Boom and Bust

This son of the Fatherland paints in its mother tongue: German. He paints with the homesickness of Friedrich and the vehemence of Nolde. There is something high-minded, overwrought, and romantic about the way Kiefer approaches history. He doesn't simply want to reenact history, he wants to sanctify it. People say his paintings are about the tragedy of war, but really his work is less about the loss of life than about the loss of land. Land is everything to Kiefer. His work is more about Germany than it is about Germans; life is an abstraction. People are too small for him, unless he turns them into icons, which is what he does in the most powerful work in this show: On the Rhine (1982–87). A large woodcut, it pictures the banks of the Rhine looking like the bulrushes of Egypt; a fire burns in the foreground, an eternal flame to the haunted portraits which hover above. Here Kiefer cries for a German pantheon of heroes and scoundrels: military men, poets, philosophers, and a storm trooper.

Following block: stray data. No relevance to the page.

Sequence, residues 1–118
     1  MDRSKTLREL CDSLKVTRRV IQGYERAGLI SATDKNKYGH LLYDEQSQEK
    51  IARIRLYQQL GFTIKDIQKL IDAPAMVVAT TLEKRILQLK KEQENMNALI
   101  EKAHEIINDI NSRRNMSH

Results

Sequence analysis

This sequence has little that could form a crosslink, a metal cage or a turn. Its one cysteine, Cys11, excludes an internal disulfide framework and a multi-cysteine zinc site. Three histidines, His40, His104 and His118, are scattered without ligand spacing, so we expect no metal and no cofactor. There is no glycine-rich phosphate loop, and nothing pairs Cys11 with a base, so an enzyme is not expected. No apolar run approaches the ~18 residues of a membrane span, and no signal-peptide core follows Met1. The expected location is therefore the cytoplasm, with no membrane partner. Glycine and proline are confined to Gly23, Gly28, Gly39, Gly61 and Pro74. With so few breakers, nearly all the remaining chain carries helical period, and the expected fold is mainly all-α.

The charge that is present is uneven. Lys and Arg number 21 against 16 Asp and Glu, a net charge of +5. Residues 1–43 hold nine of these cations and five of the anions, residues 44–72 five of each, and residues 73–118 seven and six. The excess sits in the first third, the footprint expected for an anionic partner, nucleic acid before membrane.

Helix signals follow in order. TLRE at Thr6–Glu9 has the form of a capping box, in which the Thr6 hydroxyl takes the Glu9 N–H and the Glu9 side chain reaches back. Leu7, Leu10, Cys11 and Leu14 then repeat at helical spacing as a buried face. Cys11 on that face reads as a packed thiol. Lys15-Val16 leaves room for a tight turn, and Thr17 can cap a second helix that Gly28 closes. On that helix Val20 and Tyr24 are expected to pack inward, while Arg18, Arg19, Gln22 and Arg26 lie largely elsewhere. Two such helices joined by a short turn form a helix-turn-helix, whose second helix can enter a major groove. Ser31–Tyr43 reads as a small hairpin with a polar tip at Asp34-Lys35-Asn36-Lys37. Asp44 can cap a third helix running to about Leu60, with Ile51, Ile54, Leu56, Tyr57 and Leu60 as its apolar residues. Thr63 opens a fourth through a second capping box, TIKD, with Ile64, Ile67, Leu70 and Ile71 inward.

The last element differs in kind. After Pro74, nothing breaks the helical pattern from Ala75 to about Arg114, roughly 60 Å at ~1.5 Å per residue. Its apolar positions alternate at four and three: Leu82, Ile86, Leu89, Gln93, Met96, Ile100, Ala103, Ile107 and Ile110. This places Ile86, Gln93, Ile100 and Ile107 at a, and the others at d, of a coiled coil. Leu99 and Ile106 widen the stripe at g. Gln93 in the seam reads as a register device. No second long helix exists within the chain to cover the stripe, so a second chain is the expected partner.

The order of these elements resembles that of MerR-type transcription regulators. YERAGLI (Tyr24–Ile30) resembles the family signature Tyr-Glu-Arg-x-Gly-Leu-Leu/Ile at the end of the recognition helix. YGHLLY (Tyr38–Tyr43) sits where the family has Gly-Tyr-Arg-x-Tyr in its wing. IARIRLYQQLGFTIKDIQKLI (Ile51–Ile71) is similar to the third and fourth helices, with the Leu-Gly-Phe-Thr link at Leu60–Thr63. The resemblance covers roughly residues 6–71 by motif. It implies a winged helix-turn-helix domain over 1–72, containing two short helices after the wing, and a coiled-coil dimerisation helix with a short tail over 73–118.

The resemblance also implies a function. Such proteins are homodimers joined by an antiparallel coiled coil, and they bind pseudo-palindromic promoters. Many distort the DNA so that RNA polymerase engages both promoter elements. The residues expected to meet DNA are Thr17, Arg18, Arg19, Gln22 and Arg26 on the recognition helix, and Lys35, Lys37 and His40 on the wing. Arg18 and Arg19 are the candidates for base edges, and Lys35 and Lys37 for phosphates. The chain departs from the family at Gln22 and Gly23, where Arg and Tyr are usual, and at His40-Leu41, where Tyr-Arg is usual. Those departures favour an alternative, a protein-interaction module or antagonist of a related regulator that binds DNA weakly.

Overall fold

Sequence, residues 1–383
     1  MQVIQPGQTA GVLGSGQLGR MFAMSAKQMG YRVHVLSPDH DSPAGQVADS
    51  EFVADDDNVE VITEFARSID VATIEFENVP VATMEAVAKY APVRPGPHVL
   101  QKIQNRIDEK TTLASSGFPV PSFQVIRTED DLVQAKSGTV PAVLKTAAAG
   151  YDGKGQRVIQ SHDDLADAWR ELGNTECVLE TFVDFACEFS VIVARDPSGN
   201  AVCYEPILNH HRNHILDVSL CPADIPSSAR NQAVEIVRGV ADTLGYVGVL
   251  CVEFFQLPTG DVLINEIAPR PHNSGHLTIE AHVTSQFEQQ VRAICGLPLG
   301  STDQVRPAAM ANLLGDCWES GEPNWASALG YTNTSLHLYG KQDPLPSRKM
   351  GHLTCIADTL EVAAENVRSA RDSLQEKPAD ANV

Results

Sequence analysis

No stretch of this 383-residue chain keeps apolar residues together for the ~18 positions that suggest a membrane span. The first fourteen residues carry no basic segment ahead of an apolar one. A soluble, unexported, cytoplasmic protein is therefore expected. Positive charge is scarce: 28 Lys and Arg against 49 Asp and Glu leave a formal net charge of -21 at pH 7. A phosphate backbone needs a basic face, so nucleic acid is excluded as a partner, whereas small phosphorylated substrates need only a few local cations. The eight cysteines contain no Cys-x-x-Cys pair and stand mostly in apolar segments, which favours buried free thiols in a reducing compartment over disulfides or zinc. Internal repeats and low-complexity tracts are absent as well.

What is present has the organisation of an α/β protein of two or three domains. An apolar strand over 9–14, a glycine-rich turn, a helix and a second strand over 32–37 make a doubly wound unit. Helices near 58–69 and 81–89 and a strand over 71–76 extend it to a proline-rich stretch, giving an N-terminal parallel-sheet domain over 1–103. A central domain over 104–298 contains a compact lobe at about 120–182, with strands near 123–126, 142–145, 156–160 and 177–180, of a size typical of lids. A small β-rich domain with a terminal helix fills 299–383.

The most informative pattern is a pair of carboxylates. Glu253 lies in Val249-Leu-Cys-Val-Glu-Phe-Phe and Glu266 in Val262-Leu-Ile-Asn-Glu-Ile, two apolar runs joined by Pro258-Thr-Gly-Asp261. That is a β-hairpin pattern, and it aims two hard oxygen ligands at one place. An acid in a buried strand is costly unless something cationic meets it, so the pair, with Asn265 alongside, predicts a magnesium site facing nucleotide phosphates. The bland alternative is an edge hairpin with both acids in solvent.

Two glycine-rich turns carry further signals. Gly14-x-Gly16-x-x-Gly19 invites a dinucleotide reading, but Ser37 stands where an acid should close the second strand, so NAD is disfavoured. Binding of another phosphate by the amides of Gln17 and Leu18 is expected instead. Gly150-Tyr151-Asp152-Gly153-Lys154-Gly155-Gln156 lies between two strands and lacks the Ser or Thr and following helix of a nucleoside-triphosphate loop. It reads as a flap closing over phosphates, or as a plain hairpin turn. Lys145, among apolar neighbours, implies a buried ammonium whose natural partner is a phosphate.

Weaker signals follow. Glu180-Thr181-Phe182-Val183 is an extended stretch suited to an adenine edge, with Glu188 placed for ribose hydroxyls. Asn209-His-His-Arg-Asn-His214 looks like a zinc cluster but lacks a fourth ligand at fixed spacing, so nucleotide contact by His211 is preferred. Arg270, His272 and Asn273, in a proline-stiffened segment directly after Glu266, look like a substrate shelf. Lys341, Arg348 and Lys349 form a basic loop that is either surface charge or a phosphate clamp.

Kiefer doesn't simply want to reenact history, he wants to sanctify it: On the Rhine (1982–87).
The Metropolitain Museum Of Art, New York Purchase, Reba And Dave Williams Gift, 1995
Kiefer doesn't simply want to reenact history, he wants to sanctify it: On the Rhine (1982–87).

Details

'Anselm Kiefer: Works on Paper, 1969–1993'
The Metropolitan Museum of Art
1000 Fifth Avenue
Through March 21

Kiefer's endless allusions to Germany, the Third Reich, and the war can be creepy, but they feel important. It's impossible to say, but his art about a country cleaved in two may be one of 100,000 reasons for the reunification of Germany in 1989. What's so unfair about this show, in the end, is that anyone unfamiliar with Kiefer's art will walk away with a distorted picture of him. There should be one more wall text posted at the end of the show. It should read, "He's better than this."

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